How I Learned To Like Myself (And How To Do It Yourself)

Today we have a guest post from the fabulous Jo over at the Twisted Sleeve! Not only is she sharing her wisdom with us but she’s also giving us an almost 50% discount on DIY Self-Esteem: How To Start Liking Yourself! You can learn to like yourself too! if you use the discount code: BLESSINGMANIFESTING by midnight on August 24th MST!

Without further ado, here she is!

Just over a year ago, I resented my slight resemblance to Matt Lucas. I wished away my practically see-through eyelashes. I tore into myself for taking about half an hour to park in a multi-storey car park. I wasn’t my biggest fan.

Fast-forward to now. I smile at my lack of spatial awareness because I see it as a trade-off for being good at writing. I don’t worry about my eyelashes but focus on my growing muscles. I laugh when my friends joke about my looking like Matt Lucas because I can’t look that bad when so many people compliment me on my smile. I like myself.

In just one year, I’ve gone from beating myself up on a daily basis to smiling my way through the week because I’m just so “me”. In this post I’d like to pass on my tips for doing the same thing yourself.


In order to like yourself, you need to know who “you” is. The best way to get to know yourself is through introspection. Introspection comes in many forms.

  • Journaling
  • Working through self-help and personal development books 
  • Observing yourself 
  • Having deep conversations with friends 
  • Talking to a coach or counsellor 

Pick whichever way works best for you and give yourself permission to spend time getting to know yourself.


It’s hard to see anything objectively when you’re too close to it, so your next step will be to step back from your answers. It’s going to be hard to understand what makes your answers (and therefore you) special, without anything to compare them to.

So switch your focus to your friends and family. Observe them. Ask them questions. Get to know them in the same way that you just got to know yourself. Then compare what you find out about them with what you found out about yourself. How are you different to them?


Now you need to learn to appreciate yourself. Take everything you’ve found out about yourself and work out why you’re grateful for it. One way to do this is to make a list of your flaws and to turn them into positives.

For example, I have a dependent personality. This means I have a tendency to copy other people, which makes me feel like I don’t have a fixed identity of my own. But because I’m a copycat, I get to try out lots of different things, which is more interesting than staying the same way forever. I also find it easy to empathize with other people and I don’t get into very many arguments. Find the flipsides to your flaws.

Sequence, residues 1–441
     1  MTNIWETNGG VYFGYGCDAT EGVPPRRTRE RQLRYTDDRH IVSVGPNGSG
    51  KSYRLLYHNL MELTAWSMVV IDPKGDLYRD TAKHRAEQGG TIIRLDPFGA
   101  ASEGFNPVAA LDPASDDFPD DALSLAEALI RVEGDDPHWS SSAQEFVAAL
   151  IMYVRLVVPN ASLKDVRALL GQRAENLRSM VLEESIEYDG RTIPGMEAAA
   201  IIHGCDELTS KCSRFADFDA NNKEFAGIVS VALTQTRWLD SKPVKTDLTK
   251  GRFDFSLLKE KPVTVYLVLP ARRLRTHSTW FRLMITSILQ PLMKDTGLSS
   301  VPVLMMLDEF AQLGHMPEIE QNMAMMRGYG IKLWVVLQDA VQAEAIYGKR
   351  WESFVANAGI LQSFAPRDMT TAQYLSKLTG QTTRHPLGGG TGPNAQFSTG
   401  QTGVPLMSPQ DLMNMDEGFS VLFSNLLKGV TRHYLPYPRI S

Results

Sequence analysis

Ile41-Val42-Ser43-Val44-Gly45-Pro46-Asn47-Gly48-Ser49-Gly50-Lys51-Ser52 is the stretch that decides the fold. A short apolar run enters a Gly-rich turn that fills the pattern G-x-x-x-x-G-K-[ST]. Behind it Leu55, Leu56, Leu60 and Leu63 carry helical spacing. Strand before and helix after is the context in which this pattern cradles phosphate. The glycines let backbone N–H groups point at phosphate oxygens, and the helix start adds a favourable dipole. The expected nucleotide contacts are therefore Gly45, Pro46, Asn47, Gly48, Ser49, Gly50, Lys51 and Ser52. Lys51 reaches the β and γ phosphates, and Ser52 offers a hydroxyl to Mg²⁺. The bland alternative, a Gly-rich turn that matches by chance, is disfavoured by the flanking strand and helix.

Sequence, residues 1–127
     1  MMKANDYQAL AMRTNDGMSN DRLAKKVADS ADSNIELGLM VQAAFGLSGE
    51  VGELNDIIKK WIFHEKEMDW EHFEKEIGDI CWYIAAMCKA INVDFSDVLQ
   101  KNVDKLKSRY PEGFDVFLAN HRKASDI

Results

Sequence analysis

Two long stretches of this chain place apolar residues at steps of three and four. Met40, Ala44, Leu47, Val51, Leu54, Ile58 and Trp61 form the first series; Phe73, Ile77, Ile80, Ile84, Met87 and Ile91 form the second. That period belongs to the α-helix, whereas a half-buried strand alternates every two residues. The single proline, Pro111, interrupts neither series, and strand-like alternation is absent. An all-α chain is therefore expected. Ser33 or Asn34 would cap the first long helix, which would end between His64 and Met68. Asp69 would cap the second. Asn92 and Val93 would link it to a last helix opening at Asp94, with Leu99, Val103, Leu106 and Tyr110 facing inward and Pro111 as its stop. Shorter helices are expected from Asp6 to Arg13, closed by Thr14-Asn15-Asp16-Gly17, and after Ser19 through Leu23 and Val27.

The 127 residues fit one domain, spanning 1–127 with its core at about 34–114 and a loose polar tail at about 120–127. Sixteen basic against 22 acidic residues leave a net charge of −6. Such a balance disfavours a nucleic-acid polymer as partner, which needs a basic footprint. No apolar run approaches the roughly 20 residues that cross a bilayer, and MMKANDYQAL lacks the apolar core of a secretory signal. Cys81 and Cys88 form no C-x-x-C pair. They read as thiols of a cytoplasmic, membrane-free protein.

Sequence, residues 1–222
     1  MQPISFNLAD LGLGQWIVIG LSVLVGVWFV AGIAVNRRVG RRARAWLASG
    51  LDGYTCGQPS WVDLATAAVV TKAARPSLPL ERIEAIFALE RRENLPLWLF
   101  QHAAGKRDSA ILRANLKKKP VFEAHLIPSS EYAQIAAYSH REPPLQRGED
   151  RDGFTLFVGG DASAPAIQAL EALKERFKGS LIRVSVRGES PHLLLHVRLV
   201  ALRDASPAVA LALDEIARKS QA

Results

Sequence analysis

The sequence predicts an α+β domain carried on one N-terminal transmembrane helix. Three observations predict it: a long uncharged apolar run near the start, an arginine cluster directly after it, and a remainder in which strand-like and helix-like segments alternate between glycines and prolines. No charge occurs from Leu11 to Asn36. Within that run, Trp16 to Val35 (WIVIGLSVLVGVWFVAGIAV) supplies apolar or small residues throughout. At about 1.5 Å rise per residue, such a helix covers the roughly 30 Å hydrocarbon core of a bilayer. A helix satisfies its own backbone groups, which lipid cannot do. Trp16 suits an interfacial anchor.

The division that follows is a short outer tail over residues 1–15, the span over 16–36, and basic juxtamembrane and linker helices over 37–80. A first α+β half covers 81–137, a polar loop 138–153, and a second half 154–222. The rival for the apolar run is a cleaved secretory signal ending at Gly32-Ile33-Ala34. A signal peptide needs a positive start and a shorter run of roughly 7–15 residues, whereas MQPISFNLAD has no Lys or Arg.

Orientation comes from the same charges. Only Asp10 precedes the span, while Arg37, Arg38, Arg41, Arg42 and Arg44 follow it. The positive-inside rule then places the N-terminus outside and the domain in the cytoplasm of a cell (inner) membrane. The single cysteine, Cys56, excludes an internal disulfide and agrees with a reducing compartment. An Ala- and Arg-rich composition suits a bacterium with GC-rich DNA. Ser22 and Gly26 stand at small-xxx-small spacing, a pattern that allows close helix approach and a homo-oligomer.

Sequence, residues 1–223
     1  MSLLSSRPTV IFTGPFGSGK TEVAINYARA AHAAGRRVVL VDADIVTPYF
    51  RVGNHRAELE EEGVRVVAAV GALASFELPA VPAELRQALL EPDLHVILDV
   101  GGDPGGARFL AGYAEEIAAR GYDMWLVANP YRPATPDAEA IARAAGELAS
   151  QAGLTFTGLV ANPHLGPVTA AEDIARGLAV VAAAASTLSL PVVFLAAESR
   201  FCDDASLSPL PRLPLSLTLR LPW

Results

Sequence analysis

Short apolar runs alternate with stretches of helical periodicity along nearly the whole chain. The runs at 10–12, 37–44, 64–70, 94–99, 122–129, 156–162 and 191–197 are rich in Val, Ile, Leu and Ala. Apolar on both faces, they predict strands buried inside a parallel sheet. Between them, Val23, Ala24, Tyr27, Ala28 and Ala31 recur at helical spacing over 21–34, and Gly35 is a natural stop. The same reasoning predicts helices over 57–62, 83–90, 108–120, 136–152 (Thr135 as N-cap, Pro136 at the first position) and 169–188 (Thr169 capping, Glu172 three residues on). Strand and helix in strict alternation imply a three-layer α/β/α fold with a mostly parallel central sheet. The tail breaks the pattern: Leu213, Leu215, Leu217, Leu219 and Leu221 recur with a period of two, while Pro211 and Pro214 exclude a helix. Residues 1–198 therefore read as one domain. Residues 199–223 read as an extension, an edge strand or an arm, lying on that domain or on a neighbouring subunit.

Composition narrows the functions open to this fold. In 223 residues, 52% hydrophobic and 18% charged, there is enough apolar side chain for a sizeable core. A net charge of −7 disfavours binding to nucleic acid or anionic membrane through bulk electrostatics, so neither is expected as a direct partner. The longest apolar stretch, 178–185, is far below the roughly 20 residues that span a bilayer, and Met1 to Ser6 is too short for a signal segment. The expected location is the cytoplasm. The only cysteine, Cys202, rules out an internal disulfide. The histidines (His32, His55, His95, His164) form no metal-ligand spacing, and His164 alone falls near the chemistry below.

Once you’ve collected lots of information about yourself, keep an eye out for it. Whenever you spot yourself being you, smile. See it as a secret joke between you and yourself.

The other day my mum emptied some clothes out of the washing machine and knew straightaway that they were mine because the fluff that had collected was all dark blue and maroon and almost all my clothes are those colors. We laughed about it for a while and I appreciated the fact that I’m me.


A while ago I heard that one of my friends from school who I’m no longer friends with said something was “typical Jo”. That annoyed me. We haven’t been friends in almost a decade. How does she know what “typical Jo” is? I’ve changed a lot and she doesn’t know me anymore.

The same will happen to you. You will change, so you need to keep up to date with who you are. To avoid wandering around with an out-of-date idea of who you are in your head, turn this process into a game. Keep an eye out for “you”. Compare yourself to the people around you when you’re queuing in shops. Ask yourself questions when you’re brushing your teeth. Make knowing yourself a part of your everyday life.

Life is so much more fun when you think you’re kind of funny/interesting/cute, so stop waiting until you’ve lost weight or your spots have cleared up to like yourself. Make learning to like yourself a priority and decide to try out at least one of the tips mentioned above.

Let me know which tip you’ve picked in the comments area below.

Battling her British social awkwardness, Joanna L K Moore (Jo) runs Twisted Sleeve, where she helps shy girls get the confidence they need to do whatever they dream of doing. She has just published the self-study course DIY Self-Esteem: How To Start Liking Yourself. You can find out more about Jo here.
Bonus! Jo is giving a discount on her awesome DIY Self-Esteem: How To Start Liking Yourself! Seriously check it out and use the discount code: BLESSINGMANIFESTING until midnight on August 24th MST!